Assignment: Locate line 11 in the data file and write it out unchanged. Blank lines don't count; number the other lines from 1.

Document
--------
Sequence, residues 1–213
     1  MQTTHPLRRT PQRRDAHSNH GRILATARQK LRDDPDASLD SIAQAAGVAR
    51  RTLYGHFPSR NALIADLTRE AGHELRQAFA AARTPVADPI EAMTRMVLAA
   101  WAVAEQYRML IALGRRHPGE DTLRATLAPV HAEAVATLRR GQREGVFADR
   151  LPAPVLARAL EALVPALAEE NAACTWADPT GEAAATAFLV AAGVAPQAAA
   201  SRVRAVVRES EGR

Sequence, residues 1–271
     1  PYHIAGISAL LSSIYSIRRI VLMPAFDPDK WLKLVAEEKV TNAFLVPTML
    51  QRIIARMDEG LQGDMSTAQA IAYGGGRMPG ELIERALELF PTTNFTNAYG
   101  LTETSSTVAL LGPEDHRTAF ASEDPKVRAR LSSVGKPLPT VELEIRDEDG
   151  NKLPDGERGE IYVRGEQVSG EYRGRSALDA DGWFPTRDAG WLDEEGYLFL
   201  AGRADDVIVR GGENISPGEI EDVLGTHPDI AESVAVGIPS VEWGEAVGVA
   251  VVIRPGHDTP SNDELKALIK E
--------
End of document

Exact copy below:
   151  NKLPDGERGE IYVRGEQVSG EYRGRSALDA DGWFPTRDAG WLDEEGYLFL